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Former President Bush's daughter at Book Faire

Dorothy Bush says book about father brought them closer together

Dorothy Bush says book about father brought them closer together

November 04, 2007|By MATTHEW UMSTEAD

MARTINSBURG, W.VA. ? Writing a personal account of her father's life wasn't her idea, but President George H.W. Bush's youngest child told a crowd gathered Saturday for the West Virginia authors' literacy benefit dinner that working with her father on the book was the "greatest joy" in her life.

"The things he couldn't remember, my mom could remember," said Dorothy "Doro" Bush Koch, who said she penned "My Father, My President: A Personal Account of the Life of George H.W. Bush" with "a lot of help" in a little less than a year.

"It's a wonder there are so many books out there," Koch said. "I discovered writing a book is very hard work."

Koch credited an administrative assistant to the 41st president for suggesting the idea, which was spurred along by the staffer's compilation of 500 boxes of files that contained details of her father's personal phone calls and other unofficial business.

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"Neither of us knew that she had done this," Koch said.

When her father suggested she write the book instead of him, Koch said she "panicked" because she didn't know what she was doing.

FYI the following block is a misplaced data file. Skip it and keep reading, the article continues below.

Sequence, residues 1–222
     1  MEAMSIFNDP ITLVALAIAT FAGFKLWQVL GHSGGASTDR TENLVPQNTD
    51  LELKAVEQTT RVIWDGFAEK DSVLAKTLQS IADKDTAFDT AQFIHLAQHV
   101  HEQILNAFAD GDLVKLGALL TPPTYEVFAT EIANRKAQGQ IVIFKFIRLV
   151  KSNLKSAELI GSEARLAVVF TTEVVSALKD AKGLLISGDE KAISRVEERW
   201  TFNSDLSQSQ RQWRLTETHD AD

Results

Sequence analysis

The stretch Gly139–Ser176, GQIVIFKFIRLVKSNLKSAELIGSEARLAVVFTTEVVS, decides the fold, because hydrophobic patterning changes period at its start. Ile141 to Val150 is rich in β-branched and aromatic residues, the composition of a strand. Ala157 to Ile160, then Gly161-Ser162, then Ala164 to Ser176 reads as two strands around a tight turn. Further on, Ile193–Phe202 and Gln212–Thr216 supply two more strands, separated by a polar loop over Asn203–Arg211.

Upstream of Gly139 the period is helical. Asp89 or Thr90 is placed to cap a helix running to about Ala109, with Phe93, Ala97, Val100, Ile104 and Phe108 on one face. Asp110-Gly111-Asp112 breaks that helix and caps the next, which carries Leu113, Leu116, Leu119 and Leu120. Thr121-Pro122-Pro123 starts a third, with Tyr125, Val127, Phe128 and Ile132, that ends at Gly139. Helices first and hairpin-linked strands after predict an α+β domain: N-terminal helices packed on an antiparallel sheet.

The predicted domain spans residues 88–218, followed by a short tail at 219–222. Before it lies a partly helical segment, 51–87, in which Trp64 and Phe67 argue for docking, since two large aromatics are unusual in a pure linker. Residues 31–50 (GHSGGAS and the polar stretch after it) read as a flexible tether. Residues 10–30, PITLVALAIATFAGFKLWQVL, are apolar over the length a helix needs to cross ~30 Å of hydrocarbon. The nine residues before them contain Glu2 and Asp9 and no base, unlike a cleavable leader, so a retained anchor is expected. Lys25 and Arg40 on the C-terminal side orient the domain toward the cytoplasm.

Her father, the first modern president not to write a book about his life, probably opted not to embark on the project because one of his mother's "basic lessons" of life was "don't brag on yourself," she said.

Koch also said her father also was "too busy" to jump out of airplanes and hang out with his new friend, Bill Clinton.

Clinton, by accident, was her first interview for the book, Koch said.

Koch said Clinton recalled her father's controversial support of civil rights legislation as a young Republican congressman from Texas while his successor was enrolled at Georgetown University in Washington.

"Honestly, they have a genuine friendship," Koch said of her father and Clinton's collaboration to raise support for the devastating Indian Ocean tsunami in December 2004.

"It's almost a father-son relationship ... which almost gives me a brother from another mother," Koch said, prompting laughter from the crowd.

Though she is proud her father served as president, Koch said she is more proud of the "man he is" before recounting Bush's lengthy service in the military, politics and elected office.

"He wouldn't tell you he was a World War II hero," Koch said of her father's survival after the torpedo bomber he was flying was shot down by the Japanese.

Growing up, Koch said being in the public eye had its downside and criticism always was difficult to handle, but she also said it was a real privilege to see history in the making from the front row.

Now, Koch said, her father is the one who agonizes over the criticisms that his son receives as president.

"It's brought us closer together," Koch said. "We support each other."

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